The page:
Virginia Arness, wife of James Arness, made her final acting appearance on Perry Mason
She later shunned Malibu life to run a roadside motel.
It is always worthwhile to pay close attention to the details in Perry Mason. Plotwise, those twisty mysteries always sprinkle clues through the episodes. From a behind-the-scenes perspective, Perry Mason cases also pack plenty of nifty Hollywood trivia. You can spot all kinds of vintage cars, bygone Los Angeles locations, recycled props, etc.
Oh, and the series cast all kinds of fascinating actors.
Take "The Case of the Gallant Grafter," for example. The 1960 episode begins with a wealthy woman named Sylvia Nelson demanding a divorce from her CEO husband. Playing Sylvia is Virginia Arness, née Chapman, who was, at the time, married to James Arness, the towering star of Gunsmoke.
However, dark clouds hung over the relationship, which was nearing its end. The two had been married since 1948. Arness adopted Chapman's son at the time. The couple had two children, Jenny Lee and Rolf, in the early 1950s. A few years later, Virginia had the chance to work with her husband, popping up in two episodes of Gunsmoke, "Reed Survives" and "The Killer." Both times, she played a gypsy. The actress also had small roles on the action shows Highway Patrol and Whirlybirds.
But a life of fame was not all it seemed. At the end of the decade, Virginia struggled deeply with mental health issues. Perry Mason's "The Case of the Gallant Grafter" would be her final screen role. The Arnesses split shortly thereafter.
Virginia walked away from her career in Hollywood and life in Malibu. She did have another moment in the spotlight, though.
In October 1967, Virginia, still using the byline Virginia Arness, wrote a lengthy, impassioned essay in the pages of Ebony magazine. The piece, titled "From the Oasis," explained her decision to leave behind the glitz and glamor so that she could run the Oasis Motel in San Bernadino, California. The roadside motor inn still sits on N. Mount Vernon Avenue, a.k.a. the famed Route 66.
But Virginia's main motivation for running the joint was not tourism and hospitality. She yearned to live and work in a multicultural environment. "I have found a haven in this inter-racial community because — for one thing — humanitarian values are, to me, virtually non-existent in the white power structure," she writes in the rousing, somewhat conflicted commentary, which is an interesting glimpse at the Civil Rights politics of the late Sixties. She goes to great length to explain and defend her decision to live in a largely African-American neighborhood.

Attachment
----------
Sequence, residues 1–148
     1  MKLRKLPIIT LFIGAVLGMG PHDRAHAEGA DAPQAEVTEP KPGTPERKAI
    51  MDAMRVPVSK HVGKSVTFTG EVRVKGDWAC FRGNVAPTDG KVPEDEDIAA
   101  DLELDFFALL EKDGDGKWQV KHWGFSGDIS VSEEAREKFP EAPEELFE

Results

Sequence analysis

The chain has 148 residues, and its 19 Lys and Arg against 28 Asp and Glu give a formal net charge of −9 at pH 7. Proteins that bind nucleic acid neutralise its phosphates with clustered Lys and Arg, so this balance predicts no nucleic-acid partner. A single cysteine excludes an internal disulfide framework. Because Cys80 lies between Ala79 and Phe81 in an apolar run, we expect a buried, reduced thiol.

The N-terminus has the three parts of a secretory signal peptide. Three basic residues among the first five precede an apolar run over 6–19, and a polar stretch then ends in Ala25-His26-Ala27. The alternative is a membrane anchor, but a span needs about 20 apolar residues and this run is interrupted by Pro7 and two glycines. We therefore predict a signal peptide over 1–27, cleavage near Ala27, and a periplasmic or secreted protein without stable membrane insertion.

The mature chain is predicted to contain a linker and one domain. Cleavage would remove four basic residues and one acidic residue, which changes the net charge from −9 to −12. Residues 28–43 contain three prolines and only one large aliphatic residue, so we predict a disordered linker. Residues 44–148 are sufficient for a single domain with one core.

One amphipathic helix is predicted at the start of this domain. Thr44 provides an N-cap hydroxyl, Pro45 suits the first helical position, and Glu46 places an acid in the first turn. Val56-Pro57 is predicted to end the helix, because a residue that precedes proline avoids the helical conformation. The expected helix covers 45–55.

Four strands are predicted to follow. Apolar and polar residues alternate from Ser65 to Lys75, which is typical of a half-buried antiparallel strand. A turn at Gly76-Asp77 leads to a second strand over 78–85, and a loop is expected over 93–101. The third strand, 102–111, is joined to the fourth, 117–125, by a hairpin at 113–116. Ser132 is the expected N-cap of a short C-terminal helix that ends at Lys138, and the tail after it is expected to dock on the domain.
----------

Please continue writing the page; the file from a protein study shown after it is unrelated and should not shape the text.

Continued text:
"My faith in mankind has been returned to me by living in this community," Arness wrote. "I am a refugee from white status society." Earlier in the article, she said, "I had to be exposed to the so-called upper echelons of… society to discover the emptiness, the hollowness, the shallowness, the desperate loneliness."
She also dishes on her marriage to James Arness.
"Twenty years ago I married a young beach comber, James Arness, who became an actor and who pulled himself up into the stardom of the indomitable television show, Gunsmoke," she said. "As his career sky-rocketed, I gradually realized I was tied to a star that had turned into a comet shooting into outer space, leaving me earth-bound and terribly alone."
Knowing all that, it's hard not to watch her final screen role in Perry Mason and search for some of those emotions boiling under the performance.
"Why is it every husband seems to think there's always another man when his wife wants a divorce?" her character says with a roll of her eyes in "Gallant Grafter." It's a roll of the eyes that seems well-practiced.
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But my takeaway from the article in that Virginia Arness' mental health issues really got in her way. Combined with the superficial values of Hollywood, that is when not looking any deeper. However by saying the following is a bit stereotypical.
"I have found a haven in this inter-racial community because — for one thing — humanitarian values are, to me, virtually non-existent in the white power structure," … .”
So she ran a motel NOT for tourism and hospitality (??). Then for what. JUST to be present in a multi-cultural community? She must’ve had a very hard time connecting with people in general. I think there are plenty of unsung heroes (also) in the “white world” and of any financial means doing philanthropic work. They just don’t advertise it, because they don’t want to be besieged by people holding out their hand.
“I had to be exposed to the so-called upper echelons of … society to discover the emptiness, the hollowness, the shallowness, the desperate loneliness.”
I wonder if that statement was really a mirror about herself, until she realized you don't have to be those things. But to call that segment of the popular out (in general) is a bit harsh. Aren’t we (especially in this day and age) supposed to be judging people on their individual merits.
This article just inflames the existing prejudice being thrown out there so that people can make their points! And we certainly don’t need that right now.
Let’s remember there’s good and bad in …everyone!